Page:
I thought Mars would be more like home. I’m not certain why, exactly. I just did. Maybe it was the dry red soil, just like we have at home. Maybe it was the washed-out blue sky. I understood the academics of going to this desolate world, but it never really struck me that this place would be so different. The air isn’t breathable on it’s own. The atmosphere is too thin to protect us from every meteorite, and getting a sunburn here is certain death. There is no going outside unprotected, no even just to catch a breath of fresh air.
The new gravity was less of a problem than I thought. After spending the last few years in microgravity, keeping up muscle mass by resistance training, but otherwise floating freely inside the vessel, landing in a partial gee didn’t feel so bad. It would have felt even stranger to come from a full gee to only 38%. I was definitely sore for a week, and fatigued just trying to open a packet of soup mix. I still forget that whatever I let go of won’t stay suspended in midair next to me. I’ve dented a few items dropping them on the hard floor of the eco-pod, including the dent on my foot from the comp-pad. I can still see the bruise.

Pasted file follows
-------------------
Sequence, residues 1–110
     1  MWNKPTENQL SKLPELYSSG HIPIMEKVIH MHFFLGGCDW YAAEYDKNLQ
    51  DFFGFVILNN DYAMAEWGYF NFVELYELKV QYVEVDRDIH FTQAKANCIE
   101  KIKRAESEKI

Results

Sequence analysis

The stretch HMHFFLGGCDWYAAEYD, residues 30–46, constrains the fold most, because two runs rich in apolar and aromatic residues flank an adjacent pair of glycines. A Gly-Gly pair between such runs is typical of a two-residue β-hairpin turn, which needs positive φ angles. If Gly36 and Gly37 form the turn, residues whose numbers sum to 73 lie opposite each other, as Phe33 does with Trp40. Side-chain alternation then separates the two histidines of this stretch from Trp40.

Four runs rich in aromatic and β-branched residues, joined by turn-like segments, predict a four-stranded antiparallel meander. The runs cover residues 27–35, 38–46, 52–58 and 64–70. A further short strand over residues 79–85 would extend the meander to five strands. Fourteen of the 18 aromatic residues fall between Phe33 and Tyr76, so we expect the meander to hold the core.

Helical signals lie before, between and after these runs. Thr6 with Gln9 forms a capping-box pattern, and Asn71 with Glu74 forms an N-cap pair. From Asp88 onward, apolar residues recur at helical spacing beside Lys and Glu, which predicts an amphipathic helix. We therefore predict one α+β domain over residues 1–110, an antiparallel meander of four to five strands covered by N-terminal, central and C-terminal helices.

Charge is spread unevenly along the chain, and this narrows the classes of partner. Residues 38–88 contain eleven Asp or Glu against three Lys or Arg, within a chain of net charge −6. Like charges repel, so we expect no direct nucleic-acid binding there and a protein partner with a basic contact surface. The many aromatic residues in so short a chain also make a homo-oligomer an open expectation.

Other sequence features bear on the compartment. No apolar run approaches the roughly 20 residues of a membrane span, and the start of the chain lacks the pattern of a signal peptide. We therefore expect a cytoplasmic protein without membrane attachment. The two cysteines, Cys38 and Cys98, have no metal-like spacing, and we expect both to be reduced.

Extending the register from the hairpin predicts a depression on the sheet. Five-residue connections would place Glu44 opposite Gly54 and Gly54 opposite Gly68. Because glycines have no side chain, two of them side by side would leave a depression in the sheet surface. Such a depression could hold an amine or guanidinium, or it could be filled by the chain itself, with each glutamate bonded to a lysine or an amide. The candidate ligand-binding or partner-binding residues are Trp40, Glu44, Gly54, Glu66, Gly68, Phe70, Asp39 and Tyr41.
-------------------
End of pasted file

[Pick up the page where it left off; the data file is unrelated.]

I guess what I miss most about Old Blue is the rain. I can recall that sweet, earthy aroma when the gentle, cleansing rain first reaches the earth. There is that subtle chill in the air. The wind picks up, inflow into a thunderstorm, then the clouds deepen to blue-gray. That first clap of thunder is a doozy! It didn’t even rain that much where I lived. I miss the break in the weather. Mars weather consists of dust storms, deep cold, and clear blue skies.
I miss the rain.
Inspired by the Daily Post Challenge